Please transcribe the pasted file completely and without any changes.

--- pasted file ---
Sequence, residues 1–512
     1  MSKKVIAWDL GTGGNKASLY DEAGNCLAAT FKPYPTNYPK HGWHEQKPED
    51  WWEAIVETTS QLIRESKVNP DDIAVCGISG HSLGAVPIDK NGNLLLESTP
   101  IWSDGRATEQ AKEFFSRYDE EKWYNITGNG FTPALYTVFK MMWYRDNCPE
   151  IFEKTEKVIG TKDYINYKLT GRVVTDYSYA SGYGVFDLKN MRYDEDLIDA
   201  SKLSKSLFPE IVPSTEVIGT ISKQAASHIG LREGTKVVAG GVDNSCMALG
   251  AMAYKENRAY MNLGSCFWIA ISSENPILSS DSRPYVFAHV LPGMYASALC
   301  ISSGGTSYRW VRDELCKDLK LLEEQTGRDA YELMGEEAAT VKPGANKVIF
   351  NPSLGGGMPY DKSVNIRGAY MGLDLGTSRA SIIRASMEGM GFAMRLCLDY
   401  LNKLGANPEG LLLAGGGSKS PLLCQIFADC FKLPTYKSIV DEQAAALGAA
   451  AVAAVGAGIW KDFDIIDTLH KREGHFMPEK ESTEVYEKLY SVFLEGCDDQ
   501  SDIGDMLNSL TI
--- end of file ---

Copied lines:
Sequence, residues 1–512
     1  MSKKVIAWDL GTGGNKASLY DEAGNCLAAT FKPYPTNYPK HGWHEQKPED
    51  WWEAIVETTS QLIRESKVNP DDIAVCGISG HSLGAVPIDK NGNLLLESTP
   101  IWSDGRATEQ AKEFFSRYDE EKWYNITGNG FTPALYTVFK MMWYRDNCPE
   151  IFEKTEKVIG TKDYINYKLT GRVVTDYSYA SGYGVFDLKN MRYDEDLIDA
   201  SKLSKSLFPE IVPSTEVIGT ISKQAASHIG LREGTKVVAG GVDNSCMALG
   251  AMAYKENRAY MNLGSCFWIA ISSENPILSS DSRPYVFAHV LPGMYASALC
   301  ISSGGTSYRW VRDELCKDLK LLEEQTGRDA YELMGEEAAT VKPGANKVIF
   351  NPSLGGGMPY DKSVNIRGAY MGLDLGTSRA SIIRASMEGM GFAMRLCLDY
   401  LNKLGANPEG LLLAGGGSKS PLLCQIFADC FKLPTYKSIV DEQAAALGAA
   451  AVAAVGAGIW KDFDIIDTLH KREGHFMPEK ESTEVYEKLY SVFLEGCDDQ
   501  SDIGDMLNSL TI